Thursday, January 26, 2012

Simple, Handmade Gifts for Boys

You won't find a lot of sewing for boys ideas on this blog.
It's not that I don't love boys. I just don't have one of my own.
But I do have nephews. Seven year old twins with a baby brother on the way.
And a Momma who appreciates hand-made.

As such, I was so inclined as to make a few of their Christmas gifts this year.
 For baby boy, I made this sweet little vest and tie onesie.
I first spotted this idea on Pinterest, but I've seen it all over the web since.
I can't wait to see the little man in it!  Mostly, I just can't wait to meet the little man.
I tried a new technique for printing these shirts for the soon to be big brothers.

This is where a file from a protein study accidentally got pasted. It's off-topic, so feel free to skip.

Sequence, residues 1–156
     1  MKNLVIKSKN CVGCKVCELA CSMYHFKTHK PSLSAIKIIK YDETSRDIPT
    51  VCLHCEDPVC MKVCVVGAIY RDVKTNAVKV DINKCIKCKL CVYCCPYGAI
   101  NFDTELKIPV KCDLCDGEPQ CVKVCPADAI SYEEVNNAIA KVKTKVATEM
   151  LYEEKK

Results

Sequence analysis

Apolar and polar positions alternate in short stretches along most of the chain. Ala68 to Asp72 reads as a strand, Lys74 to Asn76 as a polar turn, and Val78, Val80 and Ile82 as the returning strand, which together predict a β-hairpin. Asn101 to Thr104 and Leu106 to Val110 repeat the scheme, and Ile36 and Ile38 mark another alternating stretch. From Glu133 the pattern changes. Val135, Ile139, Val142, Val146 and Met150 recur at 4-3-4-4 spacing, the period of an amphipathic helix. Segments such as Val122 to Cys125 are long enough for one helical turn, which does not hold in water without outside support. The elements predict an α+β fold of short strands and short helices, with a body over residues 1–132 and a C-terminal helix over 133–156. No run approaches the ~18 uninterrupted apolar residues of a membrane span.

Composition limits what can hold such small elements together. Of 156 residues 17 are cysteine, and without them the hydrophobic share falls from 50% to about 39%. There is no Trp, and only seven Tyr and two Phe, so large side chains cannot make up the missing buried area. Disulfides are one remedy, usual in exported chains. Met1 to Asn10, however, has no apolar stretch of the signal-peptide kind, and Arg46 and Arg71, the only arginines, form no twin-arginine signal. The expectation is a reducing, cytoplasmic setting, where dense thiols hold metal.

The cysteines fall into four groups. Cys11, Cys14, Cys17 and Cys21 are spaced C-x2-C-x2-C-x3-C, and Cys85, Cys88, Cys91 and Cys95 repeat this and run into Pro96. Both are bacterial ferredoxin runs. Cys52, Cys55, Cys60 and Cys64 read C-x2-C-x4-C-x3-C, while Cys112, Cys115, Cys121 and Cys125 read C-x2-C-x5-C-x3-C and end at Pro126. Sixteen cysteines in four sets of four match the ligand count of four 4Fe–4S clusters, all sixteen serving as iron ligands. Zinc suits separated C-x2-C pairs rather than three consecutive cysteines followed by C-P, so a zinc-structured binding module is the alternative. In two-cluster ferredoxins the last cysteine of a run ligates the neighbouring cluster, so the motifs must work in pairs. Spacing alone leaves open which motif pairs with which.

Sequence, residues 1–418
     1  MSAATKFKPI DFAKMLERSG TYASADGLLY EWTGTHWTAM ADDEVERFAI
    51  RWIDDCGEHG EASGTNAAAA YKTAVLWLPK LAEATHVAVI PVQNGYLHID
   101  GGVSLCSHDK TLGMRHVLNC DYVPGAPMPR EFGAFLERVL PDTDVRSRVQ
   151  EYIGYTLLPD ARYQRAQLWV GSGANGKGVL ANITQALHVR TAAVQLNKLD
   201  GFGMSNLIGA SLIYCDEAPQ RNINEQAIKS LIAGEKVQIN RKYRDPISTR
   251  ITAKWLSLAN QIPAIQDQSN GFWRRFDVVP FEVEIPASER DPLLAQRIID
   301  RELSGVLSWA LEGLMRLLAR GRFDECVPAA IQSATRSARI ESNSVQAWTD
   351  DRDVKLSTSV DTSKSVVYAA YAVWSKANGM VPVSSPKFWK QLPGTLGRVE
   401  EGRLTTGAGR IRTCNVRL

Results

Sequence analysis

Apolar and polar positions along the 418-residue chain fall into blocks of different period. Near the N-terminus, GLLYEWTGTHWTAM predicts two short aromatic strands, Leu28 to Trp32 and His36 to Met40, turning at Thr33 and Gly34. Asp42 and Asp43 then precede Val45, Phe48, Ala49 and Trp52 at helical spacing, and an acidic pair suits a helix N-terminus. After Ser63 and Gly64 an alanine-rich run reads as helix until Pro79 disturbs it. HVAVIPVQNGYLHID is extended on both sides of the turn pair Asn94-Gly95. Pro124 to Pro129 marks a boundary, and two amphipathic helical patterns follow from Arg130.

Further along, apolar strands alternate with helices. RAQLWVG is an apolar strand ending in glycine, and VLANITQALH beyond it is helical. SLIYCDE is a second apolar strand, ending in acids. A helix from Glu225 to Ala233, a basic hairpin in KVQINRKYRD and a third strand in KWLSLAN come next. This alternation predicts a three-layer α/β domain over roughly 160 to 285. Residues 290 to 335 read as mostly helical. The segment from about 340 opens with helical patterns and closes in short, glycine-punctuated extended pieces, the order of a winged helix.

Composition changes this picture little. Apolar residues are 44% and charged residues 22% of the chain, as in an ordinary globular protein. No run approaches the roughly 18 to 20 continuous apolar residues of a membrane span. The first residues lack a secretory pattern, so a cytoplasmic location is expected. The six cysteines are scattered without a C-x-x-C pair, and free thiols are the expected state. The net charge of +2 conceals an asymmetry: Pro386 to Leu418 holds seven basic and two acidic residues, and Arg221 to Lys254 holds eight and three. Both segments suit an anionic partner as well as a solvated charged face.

It involved Mod Podge and embroidery hoops and screen printing ink (which is ridiculously difficult to find in my neck of the woods).
You can find the tutorial I used here.

You can see it's a little bit rough, so this method is probably not best to use if you are going for something really clean or intricate. But for these shirts I kind of like that look.
I didn't sew a single thing for this gift but I think it's one of the favorite gifts we gave this year.
I found the idea (again) on Pinterest.
It's a big 5 gallon bucket from Lowes with a "bucket buddy" to hold art and craft supplies.
We hit up the dollar store and Target and Wal Mart and decked this puppy out.

I love that there are lots of pockets on the outside for the little things, glue sticks, tape, paint brushes, scissors, glitter glue. . . and then big things like coloring books, construction paper, and pipe cleaners can go inside the bucket.